I do not know if you have looked on a map, but Syktyvkar is pretty far north--it is daylight here until about 10 PM, then it gets sort of dark and then around 2 AM it gets sunny again.  The videos that are posted on photobucket ( are of students and faculty at the Academy of Public Service--their performances lasted more than 90 minutes and I have just provided a small sampling of them--they were varied and involved a large segment of the faculty and staff.

I was asked to make a few remarks and I noted how in all my visits to Syktyvkar we have never been greeted as warmly as this--it was both informative and incredibly gracious.  To my great surprise and pleasure, ALL of our group rose to their feet spontaneously and applauded our hosts.  It was a remarkable moment and displayed their cultural sensitivity.

After the show we had a reception and during the performances themselves we were served salmon in pastry and the pastry itself was shaped like a large salmon.  After some tea and lively discussions amongst Russian and American Students we had to go to the Komi Folk Center where we were hosting our host families at a reception.  While there we were treated to traditional Komi dress, culture, food, songs, dances and games.  I have loaded up some videos to the photobucket noted above so that you can enjoy the games and music and song.  As you can "see and hear" we have tried to afford our travellers an intellectual and cultural experience and they have willingly engaged in all activities.  This reception was an opportunity to thank all of our host families for their gracious acceptance of our students into their homes--I hope you talk to your loved ones upon their return and hear first hand of their experiences.  It was along day (and worthy of three separate blogs) but an enjoyable one.  Be sure to read Angie Bohovich's blog at: for another view of the events here in Syktyvkar.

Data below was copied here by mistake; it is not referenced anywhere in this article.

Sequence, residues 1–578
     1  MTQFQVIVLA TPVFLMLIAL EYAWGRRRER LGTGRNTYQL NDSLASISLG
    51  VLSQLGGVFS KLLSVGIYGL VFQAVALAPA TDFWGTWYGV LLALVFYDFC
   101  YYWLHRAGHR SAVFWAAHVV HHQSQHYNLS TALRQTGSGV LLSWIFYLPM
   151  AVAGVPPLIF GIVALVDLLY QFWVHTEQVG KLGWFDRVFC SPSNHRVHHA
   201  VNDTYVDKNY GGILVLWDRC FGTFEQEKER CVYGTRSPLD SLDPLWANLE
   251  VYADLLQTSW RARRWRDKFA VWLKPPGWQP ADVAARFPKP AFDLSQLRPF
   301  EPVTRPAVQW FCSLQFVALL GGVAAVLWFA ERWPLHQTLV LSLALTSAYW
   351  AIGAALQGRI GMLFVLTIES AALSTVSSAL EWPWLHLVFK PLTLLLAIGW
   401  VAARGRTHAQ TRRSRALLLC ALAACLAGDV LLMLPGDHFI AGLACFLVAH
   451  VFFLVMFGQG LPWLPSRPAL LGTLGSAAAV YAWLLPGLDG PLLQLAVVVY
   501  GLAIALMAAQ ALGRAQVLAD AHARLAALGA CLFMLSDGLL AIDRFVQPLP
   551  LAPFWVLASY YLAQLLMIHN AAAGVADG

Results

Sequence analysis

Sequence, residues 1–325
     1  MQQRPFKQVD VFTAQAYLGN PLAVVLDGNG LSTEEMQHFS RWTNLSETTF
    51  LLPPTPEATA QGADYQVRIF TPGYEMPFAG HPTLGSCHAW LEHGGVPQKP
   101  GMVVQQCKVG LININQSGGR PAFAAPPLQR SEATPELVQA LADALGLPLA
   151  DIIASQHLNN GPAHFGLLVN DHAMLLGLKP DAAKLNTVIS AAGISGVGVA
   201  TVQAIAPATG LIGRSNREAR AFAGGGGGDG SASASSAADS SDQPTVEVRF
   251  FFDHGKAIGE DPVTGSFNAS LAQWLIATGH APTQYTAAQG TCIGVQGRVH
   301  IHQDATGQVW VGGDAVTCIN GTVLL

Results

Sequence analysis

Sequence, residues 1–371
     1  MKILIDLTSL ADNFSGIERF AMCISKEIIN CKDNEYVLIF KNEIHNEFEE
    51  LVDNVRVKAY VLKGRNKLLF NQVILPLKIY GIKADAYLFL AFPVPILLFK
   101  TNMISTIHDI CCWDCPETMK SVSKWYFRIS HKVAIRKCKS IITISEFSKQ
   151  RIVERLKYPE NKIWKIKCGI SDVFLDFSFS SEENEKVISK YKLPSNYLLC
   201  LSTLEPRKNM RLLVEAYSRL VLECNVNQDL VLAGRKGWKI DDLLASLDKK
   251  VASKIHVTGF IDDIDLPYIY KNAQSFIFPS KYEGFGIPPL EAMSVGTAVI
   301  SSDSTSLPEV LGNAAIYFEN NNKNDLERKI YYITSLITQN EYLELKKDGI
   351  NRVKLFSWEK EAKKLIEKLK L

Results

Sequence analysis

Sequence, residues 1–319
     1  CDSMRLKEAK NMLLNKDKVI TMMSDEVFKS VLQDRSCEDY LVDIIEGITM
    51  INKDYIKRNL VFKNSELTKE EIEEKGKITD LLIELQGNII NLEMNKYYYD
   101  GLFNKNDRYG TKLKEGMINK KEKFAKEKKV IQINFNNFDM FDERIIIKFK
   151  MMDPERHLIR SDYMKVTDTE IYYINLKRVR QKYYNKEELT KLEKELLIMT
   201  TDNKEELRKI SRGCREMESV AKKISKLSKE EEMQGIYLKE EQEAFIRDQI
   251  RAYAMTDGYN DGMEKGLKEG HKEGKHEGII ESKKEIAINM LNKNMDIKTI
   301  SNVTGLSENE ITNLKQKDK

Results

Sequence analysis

Tuesday, May 17, 2011

Monday, 16 May (Syktyvkar)

Because Andrei and I have to meet with people and often smooth out schedules we are staying in a hotel here--the Avalon (and you can find it on line).  This year it actually has wireless internet (it did not the previous two years) and that is such a gift in communications.  Unfortunately our hotel in St. Petersburg does not have an internet connection so I will have to figure out some way to keep the blog going.